Chain of office for the mayor of Sittard-Geleen-BornSittard 2008
Maurice Mentjens’ design for the new chain of office of the mayor of the municipality of Sittard, Geleen and Born, united in 2001, reflects that unity in silver. He was commissioned to design a chain of office that was not only worthy of a mayor but also a timeless piece and above all a piece that typifies the modern and ambitious municipality of Sittard-Geleen. Moreover, the chain needed to be appropriate for both men and women to wear.
The result, made by silversmith Rob Huyben of Maastricht, is a chain made up of silver rings each with a diameter of 30 mm, a depth of 7 mm and a thickness of 3 mm.
Every link in the chain symbolises a town or village within this still young municipality, and each link is made of two rings pushed together. The rings are like atoms combining to form the DNA of the municipality.
The links are connected with each other using Dyneema®, a high-tech fibre invented by DSM in Geleen. Dyneema® has incredible tensile strength. The 0.28 mm thickness has been used, rendering it almost invisible. As the Dyneema® threads are clamped inside a groove between the two parts of each ring, they are almost completely hidden. The rings therefore appear to be held together magnetically, a wonderful metaphor for the invisible connection between the towns and villages of the municipality. This gives the chain a modern, sophisticated, high-tech appearance in keeping with the young, dynamic and progressive character of the municipality.
On the inside of the rings is an engraving of the first article of the Dutch Constitution in the dialect of Sittard-Geleen-Born: Jederein dae zich in Nederlandj bevintj, wurt in ’n zelfde geval oppe zelfde maneier behanjeldj. Ongersjeid make waeges gelouf, laeveseuvertuging, politieke meining,ras, gesjlach of óm wat veur rae dan ouch, is neet toegesjtange. All those who find themselves in the Netherlands will be treated equally in equal situations. Discrimination on the basis of faith, philosophy of life, political persuasion, race, gender or on any other grounds will not be tolerated.
The three lower rings, from which the national coat of arms is suspended, feature a thin red, white and blue line – in that order – to form the tricolour of the Dutch flag.
The medallion with the national coat of arms on one side and the name of the municipality on the other needed to be reversible. The medallion therefore features a clever blocking mechanism, so that the correct side always faces the front.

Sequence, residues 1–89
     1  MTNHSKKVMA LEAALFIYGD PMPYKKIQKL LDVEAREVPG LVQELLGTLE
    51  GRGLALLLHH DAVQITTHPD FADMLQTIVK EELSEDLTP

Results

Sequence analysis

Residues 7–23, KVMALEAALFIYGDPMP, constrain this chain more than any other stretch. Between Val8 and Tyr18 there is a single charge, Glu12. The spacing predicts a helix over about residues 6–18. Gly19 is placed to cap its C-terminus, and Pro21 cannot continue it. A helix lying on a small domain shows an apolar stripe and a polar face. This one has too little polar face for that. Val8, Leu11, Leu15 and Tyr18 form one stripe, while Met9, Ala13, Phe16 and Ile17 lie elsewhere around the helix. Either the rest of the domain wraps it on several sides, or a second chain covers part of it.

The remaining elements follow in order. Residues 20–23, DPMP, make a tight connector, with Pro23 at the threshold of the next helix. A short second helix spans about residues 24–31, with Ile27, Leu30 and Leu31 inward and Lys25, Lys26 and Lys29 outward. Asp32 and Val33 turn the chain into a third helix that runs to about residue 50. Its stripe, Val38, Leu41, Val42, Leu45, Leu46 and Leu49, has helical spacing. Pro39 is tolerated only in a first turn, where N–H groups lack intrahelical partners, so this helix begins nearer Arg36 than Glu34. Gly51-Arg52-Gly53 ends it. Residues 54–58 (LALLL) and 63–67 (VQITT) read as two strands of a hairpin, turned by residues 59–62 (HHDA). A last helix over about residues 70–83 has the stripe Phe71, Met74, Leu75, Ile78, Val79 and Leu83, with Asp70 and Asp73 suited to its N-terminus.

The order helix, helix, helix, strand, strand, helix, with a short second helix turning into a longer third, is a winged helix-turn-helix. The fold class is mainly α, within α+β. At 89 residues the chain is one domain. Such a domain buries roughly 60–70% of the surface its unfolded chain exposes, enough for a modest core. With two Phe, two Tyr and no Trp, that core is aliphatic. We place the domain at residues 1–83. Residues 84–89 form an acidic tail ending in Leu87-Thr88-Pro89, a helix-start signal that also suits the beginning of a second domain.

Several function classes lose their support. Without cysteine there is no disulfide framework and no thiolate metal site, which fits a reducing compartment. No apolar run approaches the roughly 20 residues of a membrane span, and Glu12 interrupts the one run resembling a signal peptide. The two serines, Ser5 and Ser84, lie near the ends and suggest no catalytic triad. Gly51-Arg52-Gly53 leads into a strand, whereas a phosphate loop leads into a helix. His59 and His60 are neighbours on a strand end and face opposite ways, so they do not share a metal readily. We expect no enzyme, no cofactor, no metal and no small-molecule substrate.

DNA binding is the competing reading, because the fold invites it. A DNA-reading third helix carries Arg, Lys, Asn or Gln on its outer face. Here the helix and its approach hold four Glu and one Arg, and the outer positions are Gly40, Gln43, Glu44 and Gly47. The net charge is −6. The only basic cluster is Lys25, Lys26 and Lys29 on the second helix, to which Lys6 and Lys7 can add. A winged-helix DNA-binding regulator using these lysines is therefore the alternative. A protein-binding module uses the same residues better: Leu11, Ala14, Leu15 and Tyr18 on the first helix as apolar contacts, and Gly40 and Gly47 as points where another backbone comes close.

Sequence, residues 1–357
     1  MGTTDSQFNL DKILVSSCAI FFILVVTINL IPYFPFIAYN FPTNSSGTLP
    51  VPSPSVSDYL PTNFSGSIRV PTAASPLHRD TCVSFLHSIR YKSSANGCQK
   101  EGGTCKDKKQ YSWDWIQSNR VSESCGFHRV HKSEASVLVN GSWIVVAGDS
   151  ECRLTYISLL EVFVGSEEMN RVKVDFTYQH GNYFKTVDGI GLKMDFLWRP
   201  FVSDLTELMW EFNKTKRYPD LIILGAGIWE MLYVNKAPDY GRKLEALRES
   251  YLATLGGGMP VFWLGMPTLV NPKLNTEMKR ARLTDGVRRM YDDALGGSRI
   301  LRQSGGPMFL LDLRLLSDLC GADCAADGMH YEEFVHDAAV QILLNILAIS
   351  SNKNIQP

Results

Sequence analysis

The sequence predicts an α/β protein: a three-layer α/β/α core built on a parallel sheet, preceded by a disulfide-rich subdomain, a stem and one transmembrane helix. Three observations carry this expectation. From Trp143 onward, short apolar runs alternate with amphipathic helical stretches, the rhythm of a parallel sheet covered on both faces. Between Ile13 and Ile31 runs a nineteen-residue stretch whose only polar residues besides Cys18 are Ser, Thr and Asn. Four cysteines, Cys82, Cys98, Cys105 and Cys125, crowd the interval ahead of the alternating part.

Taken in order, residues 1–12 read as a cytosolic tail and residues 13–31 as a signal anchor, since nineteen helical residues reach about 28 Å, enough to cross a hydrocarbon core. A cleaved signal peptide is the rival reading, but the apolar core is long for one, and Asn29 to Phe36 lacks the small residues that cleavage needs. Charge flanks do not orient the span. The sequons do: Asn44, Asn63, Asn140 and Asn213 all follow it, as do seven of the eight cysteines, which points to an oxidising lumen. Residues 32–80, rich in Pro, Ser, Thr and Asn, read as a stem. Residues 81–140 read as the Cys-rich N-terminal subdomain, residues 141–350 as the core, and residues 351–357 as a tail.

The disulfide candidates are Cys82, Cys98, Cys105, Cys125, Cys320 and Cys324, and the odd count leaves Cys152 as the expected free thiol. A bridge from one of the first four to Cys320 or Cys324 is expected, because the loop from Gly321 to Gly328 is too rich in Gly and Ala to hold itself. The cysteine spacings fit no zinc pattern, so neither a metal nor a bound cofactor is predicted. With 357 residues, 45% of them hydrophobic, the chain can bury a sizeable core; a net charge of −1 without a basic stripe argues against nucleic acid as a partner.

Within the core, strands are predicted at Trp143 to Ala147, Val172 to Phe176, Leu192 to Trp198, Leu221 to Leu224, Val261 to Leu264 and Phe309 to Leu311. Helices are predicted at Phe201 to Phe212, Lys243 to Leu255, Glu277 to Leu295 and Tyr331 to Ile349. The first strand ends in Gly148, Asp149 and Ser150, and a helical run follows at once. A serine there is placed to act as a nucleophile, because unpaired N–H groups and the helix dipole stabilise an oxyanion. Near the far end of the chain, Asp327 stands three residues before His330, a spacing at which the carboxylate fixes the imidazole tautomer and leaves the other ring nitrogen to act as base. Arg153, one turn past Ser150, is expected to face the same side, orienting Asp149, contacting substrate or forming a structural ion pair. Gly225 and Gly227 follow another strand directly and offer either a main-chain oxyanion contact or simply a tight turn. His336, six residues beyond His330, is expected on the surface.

The catholic roots of the municipality are subtly referred to. The links of the chain are reminiscent of the beads on a rosary and the text of the first article of the constitution is engraved on the inside of the rings like a mantra or prayer.
According to the Royal Decree of 16 November 1852, the chain of office must have the following appearance
The distinguishing symbols, to be worn by the mayor, consist of a silver medallion, with a diameter of forty millimetres and displaying on one side the national coat of arms and on the other the coat of arms of the municipality, or – should the municipality not have a coat of arms – the name of the municipality; the medallion hangs on the chest, whether on a silver chain or on an orange silk ribbon; the chain or ribbon is attached to the coat or outer garment on both shoulders.
The mayor, as well as an acting mayor, is obliged to wear the chain of office during council meetings and at a reception of a Royal Commissioner, a minister or the Queen. The mayor must also wear the chain for public appearances in the event or aftermath of a fire, a revolt, a public gathering or any other public order disturbance.
Mayors generally wear the chain with the coat of arms of the municipality facing the front when representing the municipality or chairing council meetings; if the mayor is representing the state, for example when royal honours are being presented, the national coat of arms will face the front.
The chain of office is the ornament of the municipality. It symbolises the rank of the mayor. Audiences greatly appreciate the mayor wearing his or her chain of office in public.